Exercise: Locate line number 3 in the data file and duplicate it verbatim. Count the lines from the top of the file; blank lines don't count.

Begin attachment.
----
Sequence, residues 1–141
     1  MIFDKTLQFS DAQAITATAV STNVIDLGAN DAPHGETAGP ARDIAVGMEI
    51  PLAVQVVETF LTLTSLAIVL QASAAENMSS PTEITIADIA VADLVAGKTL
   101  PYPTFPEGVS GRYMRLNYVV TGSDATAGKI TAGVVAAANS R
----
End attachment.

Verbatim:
    51  PLAVQVVETF LTLTSLAIVL QASAAENMSS PTEITIADIA VADLVAGKTL